Maddock, L. and Young, J.Z. (1987) Quantitative differences among the brains of cephalopods. Journal of Zoology 212, 739767.CrossRefGoogle Scholar
Messenger, J.B. (1973) Learning performance and brain structure: a study in development. Brain Research 58, 519528.CrossRefGoogle ScholarPubMed
Messenger, J.B. (1979) The nervous system of Loligo. IV. The peduncle and olfactory lobes. Philosophical Transactions of the Royal Society of London 285, 275309.CrossRefGoogle Scholar
Moynihan, M. and Rodaniche, A.F. (1982) The behavior and natural history of the Caribbean reef squid Sepioteuthis sepioidea. Berlin and Hamburg: Verlag Paul Parey.Google Scholar
Nixon, M, and Mangold, K. (1996) The early life of Octopus vulgaris (Chephalopoda: Octopodidae) in the plankton and at settlement: a change in life style. Journal of Zoology 239, 301327.CrossRefGoogle Scholar
Nixon, M. and Young, J.Z. (2003) The brains and lives of cephalopods. Oxford: Oxford University Press.Google Scholar
Packard, A. (1972) Cephalopods and fish: The limits of convergence. Biological Reviews 47, 241307.CrossRefGoogle Scholar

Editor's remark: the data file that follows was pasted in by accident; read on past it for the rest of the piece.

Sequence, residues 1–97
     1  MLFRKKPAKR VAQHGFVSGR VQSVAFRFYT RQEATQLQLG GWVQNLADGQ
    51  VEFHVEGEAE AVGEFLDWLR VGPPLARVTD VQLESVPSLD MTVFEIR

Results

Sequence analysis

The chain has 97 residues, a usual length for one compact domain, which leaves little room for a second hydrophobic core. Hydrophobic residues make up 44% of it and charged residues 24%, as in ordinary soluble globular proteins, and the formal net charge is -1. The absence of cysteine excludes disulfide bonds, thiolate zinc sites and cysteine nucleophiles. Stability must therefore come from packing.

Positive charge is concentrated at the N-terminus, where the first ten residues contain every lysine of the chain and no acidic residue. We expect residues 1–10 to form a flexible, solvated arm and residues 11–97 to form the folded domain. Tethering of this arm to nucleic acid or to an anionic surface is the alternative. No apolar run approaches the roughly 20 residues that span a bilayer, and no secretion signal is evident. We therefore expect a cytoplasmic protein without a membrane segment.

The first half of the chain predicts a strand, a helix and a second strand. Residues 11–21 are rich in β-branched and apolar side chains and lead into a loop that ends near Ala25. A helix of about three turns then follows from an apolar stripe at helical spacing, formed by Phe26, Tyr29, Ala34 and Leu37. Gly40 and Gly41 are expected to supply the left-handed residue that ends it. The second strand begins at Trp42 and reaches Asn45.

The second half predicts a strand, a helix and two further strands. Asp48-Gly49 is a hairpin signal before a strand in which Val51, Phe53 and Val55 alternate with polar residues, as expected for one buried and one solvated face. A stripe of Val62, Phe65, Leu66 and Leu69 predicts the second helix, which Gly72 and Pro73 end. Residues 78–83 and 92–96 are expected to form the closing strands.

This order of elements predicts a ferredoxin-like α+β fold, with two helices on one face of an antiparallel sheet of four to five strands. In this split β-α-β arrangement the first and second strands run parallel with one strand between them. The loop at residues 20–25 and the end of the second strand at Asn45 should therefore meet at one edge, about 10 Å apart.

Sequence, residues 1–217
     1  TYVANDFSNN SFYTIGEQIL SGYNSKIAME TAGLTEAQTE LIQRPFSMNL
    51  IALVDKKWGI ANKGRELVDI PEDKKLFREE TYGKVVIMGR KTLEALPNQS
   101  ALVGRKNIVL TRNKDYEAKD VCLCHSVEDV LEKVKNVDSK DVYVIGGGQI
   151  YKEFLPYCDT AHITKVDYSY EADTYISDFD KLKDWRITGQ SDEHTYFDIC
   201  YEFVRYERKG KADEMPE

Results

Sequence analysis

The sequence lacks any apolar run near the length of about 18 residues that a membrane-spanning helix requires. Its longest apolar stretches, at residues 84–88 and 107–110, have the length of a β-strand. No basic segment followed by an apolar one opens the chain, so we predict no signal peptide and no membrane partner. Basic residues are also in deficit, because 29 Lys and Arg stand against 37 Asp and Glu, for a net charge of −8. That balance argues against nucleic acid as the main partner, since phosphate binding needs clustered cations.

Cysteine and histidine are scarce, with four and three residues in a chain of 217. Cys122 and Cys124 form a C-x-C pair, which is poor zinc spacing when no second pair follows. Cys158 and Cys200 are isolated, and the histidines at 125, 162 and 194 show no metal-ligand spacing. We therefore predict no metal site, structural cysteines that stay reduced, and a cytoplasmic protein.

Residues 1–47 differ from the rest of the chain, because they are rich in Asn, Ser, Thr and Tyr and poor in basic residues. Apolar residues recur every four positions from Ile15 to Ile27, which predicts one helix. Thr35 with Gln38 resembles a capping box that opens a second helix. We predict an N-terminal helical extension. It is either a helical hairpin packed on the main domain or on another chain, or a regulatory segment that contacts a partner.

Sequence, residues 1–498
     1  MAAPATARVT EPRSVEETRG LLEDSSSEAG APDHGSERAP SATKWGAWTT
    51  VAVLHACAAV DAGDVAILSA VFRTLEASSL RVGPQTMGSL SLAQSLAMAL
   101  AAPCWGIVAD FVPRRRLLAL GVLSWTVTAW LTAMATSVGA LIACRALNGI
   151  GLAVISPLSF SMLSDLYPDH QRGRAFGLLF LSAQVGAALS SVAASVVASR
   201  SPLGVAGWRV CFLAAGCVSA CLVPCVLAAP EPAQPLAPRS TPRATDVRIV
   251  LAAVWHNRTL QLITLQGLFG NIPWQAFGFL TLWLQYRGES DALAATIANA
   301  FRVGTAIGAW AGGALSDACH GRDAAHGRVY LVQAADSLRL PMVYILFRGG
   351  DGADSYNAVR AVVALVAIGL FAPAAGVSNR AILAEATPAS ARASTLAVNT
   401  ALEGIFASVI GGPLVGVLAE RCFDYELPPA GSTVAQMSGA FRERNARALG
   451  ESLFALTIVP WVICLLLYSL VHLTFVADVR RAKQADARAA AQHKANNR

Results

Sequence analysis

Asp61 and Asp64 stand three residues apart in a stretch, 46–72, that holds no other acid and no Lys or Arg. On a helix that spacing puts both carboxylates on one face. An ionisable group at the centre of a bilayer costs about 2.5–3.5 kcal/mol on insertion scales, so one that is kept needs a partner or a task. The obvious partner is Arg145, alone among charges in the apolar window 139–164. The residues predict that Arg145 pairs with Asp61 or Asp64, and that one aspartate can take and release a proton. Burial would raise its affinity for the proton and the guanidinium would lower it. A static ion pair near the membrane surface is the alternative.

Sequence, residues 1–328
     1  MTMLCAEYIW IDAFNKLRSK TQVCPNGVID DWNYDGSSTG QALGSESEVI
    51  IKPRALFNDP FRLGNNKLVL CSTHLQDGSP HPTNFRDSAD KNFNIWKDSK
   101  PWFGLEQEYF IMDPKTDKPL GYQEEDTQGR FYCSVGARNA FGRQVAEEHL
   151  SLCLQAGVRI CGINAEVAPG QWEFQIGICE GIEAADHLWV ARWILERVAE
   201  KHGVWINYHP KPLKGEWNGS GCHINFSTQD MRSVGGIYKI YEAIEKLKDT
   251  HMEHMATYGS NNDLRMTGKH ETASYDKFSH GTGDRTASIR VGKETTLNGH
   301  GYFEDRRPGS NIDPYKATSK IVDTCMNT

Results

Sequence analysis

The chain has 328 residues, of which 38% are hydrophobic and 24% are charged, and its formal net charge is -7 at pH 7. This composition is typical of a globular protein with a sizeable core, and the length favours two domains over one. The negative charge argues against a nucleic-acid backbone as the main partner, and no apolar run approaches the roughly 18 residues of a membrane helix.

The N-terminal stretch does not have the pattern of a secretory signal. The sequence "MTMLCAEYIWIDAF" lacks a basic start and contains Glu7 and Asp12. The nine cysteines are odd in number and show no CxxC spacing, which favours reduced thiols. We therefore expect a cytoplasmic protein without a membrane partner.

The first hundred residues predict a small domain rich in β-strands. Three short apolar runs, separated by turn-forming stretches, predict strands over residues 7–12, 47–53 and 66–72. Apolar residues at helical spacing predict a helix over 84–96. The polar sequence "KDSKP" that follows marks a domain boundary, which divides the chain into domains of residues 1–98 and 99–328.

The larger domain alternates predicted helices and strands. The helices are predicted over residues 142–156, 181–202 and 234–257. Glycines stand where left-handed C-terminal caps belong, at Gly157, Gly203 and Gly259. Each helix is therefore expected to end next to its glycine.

Power, M.E. (1952) A quantitative study of the growth of the central nervous system of a holometabolous insect, Drosophila melanogaster. Journal of Morphology 91, 389411.CrossRefGoogle Scholar
Segawa, S. (1987) Life history of the oval squid, Sepioteuthis lessoniana in Kominato and adjacent waters central Honshu, Japan. Journal of the Tokyo University of Fisheries 74, 67105.Google Scholar
Shigeno, S., Tsuchiya, K. and Segawa, S. (2001a) Embryonic and paralarval development of the central nervous system of the loliginid squid (Sepioteuthis lessoniana). Journal of Comparative Neurology 437, 449475.CrossRefGoogle Scholar
Shigeno, S., Kidokoro, H., Thuchiya, K, Segawa, S. and Tamamoto, M. (2001b) Development of the brain in the oegopsid squid, Todarodes pacificus to juvenile. Zoologial Science 18, 10811096.CrossRefGoogle Scholar
Sugimoto, C. and Ikeda, Y. (2012) Ontogeny of schooling behavior in the oval squid Sepioteuthis lessoniana. Fisheries Science 78, 287294.CrossRefGoogle Scholar